From Westworld to Indianapolis

I’m sure I’ve mentioned this before, but at the end of March I’ll be presenting at the Popular Culture Association annual conference in Indianapolis, discussing the use of (primarily) Shakespearean references in the first season of HBO’s series Westworld, and how the use of these meta-texts help inform the series, its characters, and themes.

It’s been a bit tougher than I thought.

But it’s making me think about possible left-hand turns in this possible presentation.

Let me explain.

The references are definitely there. And there are other pseudo-Shakespearean references–stuff that (because of their diction or syntax) sound like Shakespeare, but aren’t–that would speak to the importance of these Shakespearean meta-texts. For example, one quote comes from the Sherlock Holmes story “A Study in Scarlet,” which seems to imply that the use of these references will be something that needs to be uncovered, decoded, solved. Another comes from Frankenstein, a work about the creation of a new entity from pieces of other existing entities, a wonderful metaphor for meta-texts.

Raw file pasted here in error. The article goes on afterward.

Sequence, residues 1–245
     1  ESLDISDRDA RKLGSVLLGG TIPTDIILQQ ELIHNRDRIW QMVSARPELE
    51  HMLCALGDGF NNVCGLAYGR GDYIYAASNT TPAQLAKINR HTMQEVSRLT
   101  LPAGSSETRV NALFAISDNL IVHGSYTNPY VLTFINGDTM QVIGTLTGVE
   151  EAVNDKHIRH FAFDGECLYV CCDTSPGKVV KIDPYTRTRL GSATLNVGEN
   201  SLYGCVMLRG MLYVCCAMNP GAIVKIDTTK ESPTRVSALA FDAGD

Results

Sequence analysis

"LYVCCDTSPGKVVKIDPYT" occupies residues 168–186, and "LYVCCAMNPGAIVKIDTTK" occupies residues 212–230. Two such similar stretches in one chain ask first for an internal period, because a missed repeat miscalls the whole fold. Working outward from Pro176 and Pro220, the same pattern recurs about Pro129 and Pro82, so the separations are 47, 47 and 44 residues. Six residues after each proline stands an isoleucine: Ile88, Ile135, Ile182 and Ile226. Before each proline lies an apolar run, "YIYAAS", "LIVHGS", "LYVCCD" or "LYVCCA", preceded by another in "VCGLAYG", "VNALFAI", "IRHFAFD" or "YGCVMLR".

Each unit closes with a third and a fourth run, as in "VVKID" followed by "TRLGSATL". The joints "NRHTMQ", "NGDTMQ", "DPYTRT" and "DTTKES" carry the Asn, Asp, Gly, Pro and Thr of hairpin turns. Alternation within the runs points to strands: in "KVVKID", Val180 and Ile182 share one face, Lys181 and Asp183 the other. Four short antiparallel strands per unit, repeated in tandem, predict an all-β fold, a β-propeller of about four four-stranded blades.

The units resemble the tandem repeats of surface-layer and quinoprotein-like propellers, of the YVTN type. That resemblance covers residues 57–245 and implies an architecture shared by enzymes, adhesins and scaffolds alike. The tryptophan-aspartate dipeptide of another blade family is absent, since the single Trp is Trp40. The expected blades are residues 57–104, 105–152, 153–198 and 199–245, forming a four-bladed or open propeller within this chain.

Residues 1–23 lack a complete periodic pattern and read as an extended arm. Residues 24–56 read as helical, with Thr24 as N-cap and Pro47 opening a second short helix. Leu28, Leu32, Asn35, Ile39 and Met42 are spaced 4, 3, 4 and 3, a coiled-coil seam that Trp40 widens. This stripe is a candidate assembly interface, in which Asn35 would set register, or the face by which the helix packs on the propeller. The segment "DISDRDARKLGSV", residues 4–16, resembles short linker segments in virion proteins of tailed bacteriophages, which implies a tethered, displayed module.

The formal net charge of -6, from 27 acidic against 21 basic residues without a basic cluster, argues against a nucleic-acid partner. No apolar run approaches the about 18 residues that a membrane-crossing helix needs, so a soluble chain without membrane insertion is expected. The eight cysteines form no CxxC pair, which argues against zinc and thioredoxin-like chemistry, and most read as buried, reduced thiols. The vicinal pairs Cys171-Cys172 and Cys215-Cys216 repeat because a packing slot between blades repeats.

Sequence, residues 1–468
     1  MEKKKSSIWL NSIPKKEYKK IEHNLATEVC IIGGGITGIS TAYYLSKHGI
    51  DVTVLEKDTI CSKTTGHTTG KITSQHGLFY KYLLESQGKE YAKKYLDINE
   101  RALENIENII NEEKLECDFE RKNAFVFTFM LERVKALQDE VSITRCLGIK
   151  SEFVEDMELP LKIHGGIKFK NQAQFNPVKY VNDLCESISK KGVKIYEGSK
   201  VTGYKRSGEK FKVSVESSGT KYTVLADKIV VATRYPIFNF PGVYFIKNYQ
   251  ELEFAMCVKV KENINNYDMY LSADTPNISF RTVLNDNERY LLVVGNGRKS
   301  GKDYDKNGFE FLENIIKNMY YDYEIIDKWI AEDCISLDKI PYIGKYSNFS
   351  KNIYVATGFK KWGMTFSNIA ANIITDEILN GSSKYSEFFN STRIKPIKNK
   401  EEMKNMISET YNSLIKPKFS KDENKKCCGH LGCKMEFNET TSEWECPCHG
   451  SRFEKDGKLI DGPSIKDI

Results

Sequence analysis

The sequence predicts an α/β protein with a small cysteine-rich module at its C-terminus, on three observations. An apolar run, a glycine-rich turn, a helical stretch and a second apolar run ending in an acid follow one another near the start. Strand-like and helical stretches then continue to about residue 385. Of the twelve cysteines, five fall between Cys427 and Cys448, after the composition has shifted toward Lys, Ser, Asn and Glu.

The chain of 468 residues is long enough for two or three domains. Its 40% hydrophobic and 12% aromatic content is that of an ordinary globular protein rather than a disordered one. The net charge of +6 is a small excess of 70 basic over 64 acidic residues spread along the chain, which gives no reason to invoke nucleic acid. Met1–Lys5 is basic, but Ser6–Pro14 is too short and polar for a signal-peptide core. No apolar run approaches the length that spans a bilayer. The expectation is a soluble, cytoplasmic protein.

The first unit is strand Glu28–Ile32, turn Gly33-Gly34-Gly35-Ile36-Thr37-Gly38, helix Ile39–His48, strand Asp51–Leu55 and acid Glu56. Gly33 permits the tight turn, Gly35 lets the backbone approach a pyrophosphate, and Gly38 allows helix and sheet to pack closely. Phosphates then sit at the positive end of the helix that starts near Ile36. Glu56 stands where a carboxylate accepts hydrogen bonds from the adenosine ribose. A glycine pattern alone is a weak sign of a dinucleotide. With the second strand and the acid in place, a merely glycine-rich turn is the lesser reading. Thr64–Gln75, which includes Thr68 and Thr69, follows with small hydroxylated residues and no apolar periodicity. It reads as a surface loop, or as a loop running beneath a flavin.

All this seems great.

Only there’s one problem.

The use of the Shakespearean references themselves is all over the map.

Maybe I’m missing something, but I’m not sure there is a greater informing of the series. I may be able to come up with something in the two months between now and when when I present, but, jeez, I just don’t know. I really don’t want to veer off to Room 237 territory.

But there may be something there…only in a different direction.

Back last month, when I was talking about the musical comedy Something Rotten, I wrote about a possible thesis on the commodification of Shakespeare–the man–in popular culture. What this research makes me think about is the cynical commodification of Shakespearean references–the texts–in Westworld, and how the viewer is being manipulated into thinking there is more there when there really isn’t. Maybe Shakespeare is being used to imply greater depth in a cynical attempt to gamify the viewing of the series, to engage the viewer.

I don’t know. I just think to think this through.

Or give it a rest for a few days, and then hit it again fresh.

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